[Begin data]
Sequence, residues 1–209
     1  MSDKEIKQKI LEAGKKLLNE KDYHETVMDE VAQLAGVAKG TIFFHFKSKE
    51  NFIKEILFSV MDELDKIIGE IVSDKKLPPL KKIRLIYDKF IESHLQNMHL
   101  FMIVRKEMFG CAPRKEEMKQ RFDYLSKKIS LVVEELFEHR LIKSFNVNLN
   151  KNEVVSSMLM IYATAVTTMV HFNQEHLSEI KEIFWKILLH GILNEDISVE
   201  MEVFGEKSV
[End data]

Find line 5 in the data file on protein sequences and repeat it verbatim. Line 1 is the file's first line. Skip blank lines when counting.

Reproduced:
   151  KNEVVSSMLM IYATAVTTMV HFNQEHLSEI KEIFWKILLH GILNEDISVE